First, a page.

[00:24:15] Scott Kucirek: And we explained the process of how they’re handmade and molds like that explains it.
[00:24:19] We, we can’t do that because, in the confection world, you’re either doing molding, which is like tablet, bars, with a nice, shiny glossy outside shell and a center, or you’re doing an extruded, which is most candy bars, which is you make the center as firmer it gets cuts of size and goes under a chocolate waterfall.
[00:24:35] So, you have a thin layer of chocolate, like a Snickers and then a firm center. Well, what we were doing was completely unprecedented. We’re making a molded bar that looked like an extruded bar. So [Laughs] we’d take tempered chocolate and pour it into a mold like a canoe, the tops, and the sides, and then put the center in and then put the bottom on and pop it out in the mold.
[00:24:55] And that’s why you get that nice glossy, shiny top. And so, instead of going through a thin layer chocolate and then getting a firm center, when you ate an Ocho candy bar, you crack through a thick layer of organic fair-trade chocolate and get a creamy center. Because we didn’t have to amend the center to hold that shape because the shell held the shape.
[00:25:12] Sophie Hoyt: It didn’t make sense to change the product to fit the manufacturers. Because their soft fillings were the reason, people loved Ocho. So, Scott and Dennis had to figure out how to make the manufacturer fit their bars.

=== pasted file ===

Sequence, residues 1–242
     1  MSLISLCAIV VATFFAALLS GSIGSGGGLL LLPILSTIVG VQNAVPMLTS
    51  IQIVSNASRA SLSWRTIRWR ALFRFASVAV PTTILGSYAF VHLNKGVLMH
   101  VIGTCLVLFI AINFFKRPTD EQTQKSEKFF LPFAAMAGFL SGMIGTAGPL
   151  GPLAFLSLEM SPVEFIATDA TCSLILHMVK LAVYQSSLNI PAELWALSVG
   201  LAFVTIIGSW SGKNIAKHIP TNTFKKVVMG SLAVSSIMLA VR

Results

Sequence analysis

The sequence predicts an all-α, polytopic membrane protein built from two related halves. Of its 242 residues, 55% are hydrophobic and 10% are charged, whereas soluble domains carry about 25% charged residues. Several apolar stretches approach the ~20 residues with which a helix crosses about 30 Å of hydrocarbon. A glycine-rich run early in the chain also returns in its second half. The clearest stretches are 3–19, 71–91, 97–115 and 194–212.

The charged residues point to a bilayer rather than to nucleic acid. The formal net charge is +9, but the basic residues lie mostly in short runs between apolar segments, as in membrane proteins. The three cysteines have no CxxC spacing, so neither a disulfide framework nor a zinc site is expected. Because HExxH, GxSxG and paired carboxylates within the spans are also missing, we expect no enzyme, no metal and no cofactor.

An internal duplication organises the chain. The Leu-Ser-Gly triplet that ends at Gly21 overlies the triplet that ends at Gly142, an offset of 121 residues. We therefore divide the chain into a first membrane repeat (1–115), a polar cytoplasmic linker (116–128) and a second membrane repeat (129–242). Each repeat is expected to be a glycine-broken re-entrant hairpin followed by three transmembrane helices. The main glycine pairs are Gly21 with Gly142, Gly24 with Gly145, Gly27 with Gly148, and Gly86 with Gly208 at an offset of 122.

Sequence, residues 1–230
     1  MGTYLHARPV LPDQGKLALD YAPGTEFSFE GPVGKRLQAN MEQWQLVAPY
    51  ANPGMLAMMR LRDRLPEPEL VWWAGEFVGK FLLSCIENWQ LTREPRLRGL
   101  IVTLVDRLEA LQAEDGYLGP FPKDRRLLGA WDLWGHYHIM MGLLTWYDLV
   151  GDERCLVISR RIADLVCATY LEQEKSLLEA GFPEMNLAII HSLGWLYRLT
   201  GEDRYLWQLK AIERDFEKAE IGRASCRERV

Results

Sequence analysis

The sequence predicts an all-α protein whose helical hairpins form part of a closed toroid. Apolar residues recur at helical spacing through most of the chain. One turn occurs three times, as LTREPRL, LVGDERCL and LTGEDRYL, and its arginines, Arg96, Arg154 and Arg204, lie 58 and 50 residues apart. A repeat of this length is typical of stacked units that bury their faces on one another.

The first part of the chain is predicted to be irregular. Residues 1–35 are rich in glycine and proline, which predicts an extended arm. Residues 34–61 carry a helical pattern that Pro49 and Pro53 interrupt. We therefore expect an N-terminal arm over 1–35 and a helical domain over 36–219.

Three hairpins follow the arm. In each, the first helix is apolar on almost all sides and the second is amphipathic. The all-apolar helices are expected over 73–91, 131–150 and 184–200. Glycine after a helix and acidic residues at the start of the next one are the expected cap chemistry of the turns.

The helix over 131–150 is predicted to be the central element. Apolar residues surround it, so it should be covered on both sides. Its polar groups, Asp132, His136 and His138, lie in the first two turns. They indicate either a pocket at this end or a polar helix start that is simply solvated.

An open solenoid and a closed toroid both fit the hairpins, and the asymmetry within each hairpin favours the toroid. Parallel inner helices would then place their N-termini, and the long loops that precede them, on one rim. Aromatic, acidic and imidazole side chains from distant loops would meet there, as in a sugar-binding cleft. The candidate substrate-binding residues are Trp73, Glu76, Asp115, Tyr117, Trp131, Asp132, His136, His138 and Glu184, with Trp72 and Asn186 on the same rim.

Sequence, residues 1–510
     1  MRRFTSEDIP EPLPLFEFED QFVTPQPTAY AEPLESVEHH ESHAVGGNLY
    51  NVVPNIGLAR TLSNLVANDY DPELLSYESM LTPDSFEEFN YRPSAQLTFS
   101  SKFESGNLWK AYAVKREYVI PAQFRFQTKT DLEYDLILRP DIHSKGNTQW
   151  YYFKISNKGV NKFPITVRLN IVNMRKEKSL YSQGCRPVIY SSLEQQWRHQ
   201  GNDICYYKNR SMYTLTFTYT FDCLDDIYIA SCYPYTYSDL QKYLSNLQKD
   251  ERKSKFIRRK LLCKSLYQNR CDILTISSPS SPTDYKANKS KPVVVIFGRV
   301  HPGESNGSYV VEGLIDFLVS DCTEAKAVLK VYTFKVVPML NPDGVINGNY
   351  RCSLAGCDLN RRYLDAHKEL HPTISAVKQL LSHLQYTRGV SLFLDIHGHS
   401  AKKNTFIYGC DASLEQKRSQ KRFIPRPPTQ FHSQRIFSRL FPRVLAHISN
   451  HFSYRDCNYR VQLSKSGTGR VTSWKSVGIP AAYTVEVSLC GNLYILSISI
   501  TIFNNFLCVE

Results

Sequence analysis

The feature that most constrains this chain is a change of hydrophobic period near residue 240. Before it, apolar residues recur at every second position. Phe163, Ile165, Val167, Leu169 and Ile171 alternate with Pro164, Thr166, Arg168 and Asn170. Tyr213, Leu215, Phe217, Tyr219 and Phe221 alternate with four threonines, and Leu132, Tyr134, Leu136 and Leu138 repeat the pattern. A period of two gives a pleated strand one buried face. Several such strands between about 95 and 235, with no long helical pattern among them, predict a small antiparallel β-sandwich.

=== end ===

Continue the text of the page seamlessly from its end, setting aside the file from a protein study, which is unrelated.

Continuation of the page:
[00:25:25] Scott Kucirek: One manufacturer had some equipment, two different types of equipment that weren’t normally put together that we felt might be able to be modified to work. And we invited their sales head of world sales and US sales to our place in Oakland because we’re pretty serious. And so they said, sure, which surprised us. And then they flew out, but they didn’t tell us they brought the CEO and namesake of the company with them. So, we walked around through the plant. It didn’t take long. It was tiny. The front of it was people filling centers like piping, or hand roll coconut-like little snakes and press it in, and then other people bottoming it and banging them out, running through a wrap machine.
[00:26:02] And then around the back was where the centers were being made. And we had little Ikea desk with all of us sitting there, with our computers, with our hairnets and stuff and our computers, getting bombarded by powdered sugar.
[00:26:12]and he looked at me, he goes, “never in my life have I seen something so insane and so genius at the same time, only in America”. He goes, “our company will figure out how to make our equipment replicate what you’re doing here because this is the best confection I’ve had in 20 years. And I’ve built over 800 plants”.
[BACKGROUND MUSIC IN]
[00:26:28] Sophie Hoyt: And they did. Through much trial and error, they adjusted and tweaked the machines and the process until it hit the store sweet spot. But once it did, Ocho was able to crank out thousands of perfect bars in half the time, except for one, peanut butter. Something wasn’t quite right with the texture and the new system.